IG: DHS makes progress on managing acquisition

After five years in operation, the Homeland Security Department hasn't achieved many of the milestones needed for conducting effective acquisitions, according to a report from DHS Inspector General Richard Skinner released today.

Skinner, in his annual update on major management challenges at DHS, rated progress on acquisition management as “modest.” The department obligated contracts for about $12 billion in fiscal 2007, which was about 40 percent of its budget.

“While some improvements have been made, many of the critical success factors have not yet been achieved,” Skinner wrote.

The report follows a Government Accountability Office report that criticized DHS' management and oversight of major programs. Both reports were completed in November, but the IG released its report publicly just today.

DHS did better in other areas, scoring “moderate” improvement in information technology management and in catastrophic disaster response and recovery. It also scored modestly in financial management.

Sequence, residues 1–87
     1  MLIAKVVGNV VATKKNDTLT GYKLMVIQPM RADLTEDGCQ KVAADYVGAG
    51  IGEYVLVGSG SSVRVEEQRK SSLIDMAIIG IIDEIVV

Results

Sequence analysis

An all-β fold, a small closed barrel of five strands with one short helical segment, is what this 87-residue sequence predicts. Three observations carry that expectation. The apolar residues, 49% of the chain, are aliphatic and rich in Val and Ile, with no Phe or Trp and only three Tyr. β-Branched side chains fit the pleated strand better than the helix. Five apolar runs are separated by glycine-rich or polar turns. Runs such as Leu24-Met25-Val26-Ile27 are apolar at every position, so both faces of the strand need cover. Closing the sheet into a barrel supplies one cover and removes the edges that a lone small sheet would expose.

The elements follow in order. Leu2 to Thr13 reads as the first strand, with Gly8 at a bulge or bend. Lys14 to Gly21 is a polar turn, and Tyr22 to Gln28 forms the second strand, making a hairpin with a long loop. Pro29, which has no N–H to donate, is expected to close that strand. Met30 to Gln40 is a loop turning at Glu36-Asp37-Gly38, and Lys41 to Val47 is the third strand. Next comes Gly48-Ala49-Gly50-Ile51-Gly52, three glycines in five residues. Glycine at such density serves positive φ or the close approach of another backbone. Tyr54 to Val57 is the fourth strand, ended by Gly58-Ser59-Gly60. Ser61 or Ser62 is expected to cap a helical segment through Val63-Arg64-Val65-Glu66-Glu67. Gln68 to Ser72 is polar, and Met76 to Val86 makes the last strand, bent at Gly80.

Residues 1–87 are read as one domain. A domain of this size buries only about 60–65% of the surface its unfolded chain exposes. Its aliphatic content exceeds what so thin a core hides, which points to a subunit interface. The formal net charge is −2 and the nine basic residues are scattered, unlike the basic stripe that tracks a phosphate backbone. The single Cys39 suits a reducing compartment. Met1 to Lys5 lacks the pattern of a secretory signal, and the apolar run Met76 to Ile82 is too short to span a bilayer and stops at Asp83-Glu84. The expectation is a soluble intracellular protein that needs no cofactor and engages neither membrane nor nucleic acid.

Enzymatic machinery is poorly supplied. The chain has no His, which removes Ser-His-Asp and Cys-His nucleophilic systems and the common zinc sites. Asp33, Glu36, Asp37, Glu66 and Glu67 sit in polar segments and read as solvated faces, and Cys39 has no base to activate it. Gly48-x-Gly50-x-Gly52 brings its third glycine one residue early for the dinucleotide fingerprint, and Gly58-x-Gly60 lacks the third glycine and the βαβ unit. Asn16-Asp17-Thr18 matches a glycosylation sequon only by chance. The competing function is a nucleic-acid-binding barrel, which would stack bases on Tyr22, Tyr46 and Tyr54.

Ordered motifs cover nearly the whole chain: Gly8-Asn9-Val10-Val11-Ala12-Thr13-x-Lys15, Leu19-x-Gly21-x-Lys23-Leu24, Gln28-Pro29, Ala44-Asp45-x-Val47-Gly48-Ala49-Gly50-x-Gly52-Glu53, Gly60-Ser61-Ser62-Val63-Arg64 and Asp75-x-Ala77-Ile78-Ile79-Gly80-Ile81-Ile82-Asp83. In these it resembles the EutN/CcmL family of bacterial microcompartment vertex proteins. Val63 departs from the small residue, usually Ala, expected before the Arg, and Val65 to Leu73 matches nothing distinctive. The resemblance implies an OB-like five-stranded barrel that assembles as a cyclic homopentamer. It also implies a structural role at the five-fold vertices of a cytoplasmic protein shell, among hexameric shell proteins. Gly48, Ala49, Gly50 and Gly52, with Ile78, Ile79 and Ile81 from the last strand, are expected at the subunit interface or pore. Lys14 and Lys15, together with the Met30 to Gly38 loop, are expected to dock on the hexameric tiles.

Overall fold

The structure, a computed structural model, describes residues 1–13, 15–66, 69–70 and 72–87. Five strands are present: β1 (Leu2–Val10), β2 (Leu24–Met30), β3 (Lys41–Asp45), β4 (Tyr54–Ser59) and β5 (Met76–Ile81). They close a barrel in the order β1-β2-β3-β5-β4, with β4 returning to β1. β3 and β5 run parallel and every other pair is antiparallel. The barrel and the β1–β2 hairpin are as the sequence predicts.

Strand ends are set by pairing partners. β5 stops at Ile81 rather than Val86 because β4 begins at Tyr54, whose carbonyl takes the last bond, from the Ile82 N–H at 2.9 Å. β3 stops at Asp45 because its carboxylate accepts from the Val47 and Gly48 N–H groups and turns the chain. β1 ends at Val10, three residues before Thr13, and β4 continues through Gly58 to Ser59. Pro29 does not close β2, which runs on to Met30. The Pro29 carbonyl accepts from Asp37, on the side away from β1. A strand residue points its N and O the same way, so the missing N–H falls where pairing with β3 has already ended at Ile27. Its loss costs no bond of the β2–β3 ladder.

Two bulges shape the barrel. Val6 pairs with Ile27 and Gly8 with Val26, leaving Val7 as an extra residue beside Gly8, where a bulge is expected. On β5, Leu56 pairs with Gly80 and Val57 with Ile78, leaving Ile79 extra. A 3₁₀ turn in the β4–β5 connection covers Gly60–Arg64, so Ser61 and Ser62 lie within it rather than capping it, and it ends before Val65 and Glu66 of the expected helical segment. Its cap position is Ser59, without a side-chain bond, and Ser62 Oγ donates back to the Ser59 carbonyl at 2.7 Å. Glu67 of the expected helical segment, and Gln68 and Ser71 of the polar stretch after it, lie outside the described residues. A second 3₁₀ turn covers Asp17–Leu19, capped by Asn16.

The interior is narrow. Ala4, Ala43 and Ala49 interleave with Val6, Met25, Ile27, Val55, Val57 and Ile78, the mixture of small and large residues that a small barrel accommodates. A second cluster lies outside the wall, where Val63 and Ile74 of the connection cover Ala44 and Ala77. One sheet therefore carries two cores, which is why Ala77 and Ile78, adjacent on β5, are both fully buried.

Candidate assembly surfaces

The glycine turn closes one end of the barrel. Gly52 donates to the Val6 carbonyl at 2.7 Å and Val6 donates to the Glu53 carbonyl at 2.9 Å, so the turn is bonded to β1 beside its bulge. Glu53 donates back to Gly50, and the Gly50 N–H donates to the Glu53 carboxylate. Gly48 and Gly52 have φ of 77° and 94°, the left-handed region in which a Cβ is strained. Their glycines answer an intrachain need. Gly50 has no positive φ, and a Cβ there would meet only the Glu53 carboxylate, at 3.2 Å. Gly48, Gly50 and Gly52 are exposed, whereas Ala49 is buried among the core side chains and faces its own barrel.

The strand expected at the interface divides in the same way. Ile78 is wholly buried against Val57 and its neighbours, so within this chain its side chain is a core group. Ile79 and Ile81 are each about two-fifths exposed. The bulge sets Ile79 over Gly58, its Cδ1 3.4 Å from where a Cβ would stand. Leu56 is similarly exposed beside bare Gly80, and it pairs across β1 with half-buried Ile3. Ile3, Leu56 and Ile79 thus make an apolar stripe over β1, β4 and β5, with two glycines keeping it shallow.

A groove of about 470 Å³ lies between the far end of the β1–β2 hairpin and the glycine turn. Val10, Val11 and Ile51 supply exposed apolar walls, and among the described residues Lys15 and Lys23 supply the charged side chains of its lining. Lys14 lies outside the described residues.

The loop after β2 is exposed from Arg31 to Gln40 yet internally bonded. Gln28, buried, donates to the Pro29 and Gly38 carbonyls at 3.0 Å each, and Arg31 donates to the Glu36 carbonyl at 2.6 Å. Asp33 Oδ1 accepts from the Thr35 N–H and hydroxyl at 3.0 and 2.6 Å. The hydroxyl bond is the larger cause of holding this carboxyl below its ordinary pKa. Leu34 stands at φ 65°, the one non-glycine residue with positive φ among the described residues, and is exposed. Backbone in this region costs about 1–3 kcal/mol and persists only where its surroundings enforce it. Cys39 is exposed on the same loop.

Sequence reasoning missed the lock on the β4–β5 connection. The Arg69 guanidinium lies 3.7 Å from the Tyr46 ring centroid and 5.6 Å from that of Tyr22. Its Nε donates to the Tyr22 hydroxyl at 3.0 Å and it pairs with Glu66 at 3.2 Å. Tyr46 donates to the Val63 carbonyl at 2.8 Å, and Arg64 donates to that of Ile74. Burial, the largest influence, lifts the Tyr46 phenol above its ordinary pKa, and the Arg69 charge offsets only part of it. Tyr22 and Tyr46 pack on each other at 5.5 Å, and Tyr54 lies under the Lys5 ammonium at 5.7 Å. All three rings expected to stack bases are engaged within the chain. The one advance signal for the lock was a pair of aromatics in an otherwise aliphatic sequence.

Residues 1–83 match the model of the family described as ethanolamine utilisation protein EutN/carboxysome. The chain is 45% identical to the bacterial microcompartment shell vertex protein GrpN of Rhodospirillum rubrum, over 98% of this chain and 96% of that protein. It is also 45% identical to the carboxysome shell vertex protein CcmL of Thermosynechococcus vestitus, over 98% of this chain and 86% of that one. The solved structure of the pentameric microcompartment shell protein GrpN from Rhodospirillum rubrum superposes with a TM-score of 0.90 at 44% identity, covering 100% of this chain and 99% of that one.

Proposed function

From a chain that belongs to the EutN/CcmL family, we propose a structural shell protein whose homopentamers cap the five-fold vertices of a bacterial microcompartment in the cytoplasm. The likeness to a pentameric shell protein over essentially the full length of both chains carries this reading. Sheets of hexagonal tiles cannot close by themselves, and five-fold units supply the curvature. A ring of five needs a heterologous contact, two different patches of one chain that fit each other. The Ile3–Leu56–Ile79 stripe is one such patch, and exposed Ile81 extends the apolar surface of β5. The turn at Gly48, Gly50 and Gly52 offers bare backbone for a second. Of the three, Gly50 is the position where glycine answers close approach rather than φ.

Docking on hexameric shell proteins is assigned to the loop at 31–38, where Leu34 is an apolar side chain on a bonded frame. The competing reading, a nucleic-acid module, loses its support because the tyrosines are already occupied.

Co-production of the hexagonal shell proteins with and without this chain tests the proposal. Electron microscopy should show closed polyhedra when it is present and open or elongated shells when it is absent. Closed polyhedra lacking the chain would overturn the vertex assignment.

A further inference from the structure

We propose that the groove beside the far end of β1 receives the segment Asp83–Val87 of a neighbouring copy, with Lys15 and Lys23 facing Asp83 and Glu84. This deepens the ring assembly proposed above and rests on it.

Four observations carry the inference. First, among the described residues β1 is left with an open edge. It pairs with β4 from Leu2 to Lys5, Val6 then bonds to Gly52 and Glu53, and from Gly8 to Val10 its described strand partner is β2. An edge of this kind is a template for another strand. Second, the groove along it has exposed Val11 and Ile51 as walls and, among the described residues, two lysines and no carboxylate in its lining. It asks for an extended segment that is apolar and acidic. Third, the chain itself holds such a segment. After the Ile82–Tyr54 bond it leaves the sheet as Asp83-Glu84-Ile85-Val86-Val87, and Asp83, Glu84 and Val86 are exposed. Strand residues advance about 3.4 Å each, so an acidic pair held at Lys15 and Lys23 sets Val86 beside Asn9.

Skinner identified five other major management challenges but did not provide detailed score cards on those areas.

Regarding acquisition management, the department showed modest progress in the key areas of organizational alignment and leadership; policies and processes; acquisition workforce; and knowledge management and IT.

“The department continues to face challenges associated with implementing an acquisition function that is not fully integrated,” the report said. The structure of DHS' acquisition function creates ambiguity about who is accountable for purchasing decisions, and the chief procurement officer faces difficulties in making corrections because they are viewed as only recommendations by the component heads, the report said.

DHS’ acquisition also is hampered by staffing shortages, the IG noted. As of April 2008 the unit had 61 percent of the minimum required staff and 38 percent of the contract specialists on board.

Although the Coast Guard has integrated three separate IT systems into a single system for acquisition, construction and improvement data, the department as an single entity needs to make more improvements in deploying in information systems to track and analyze acquisition data and improve user efficiency, the IG  wrote.

About the Author

Alice Lipowicz is a staff writer covering government 2.0, homeland security and other IT policies for Federal Computer Week.

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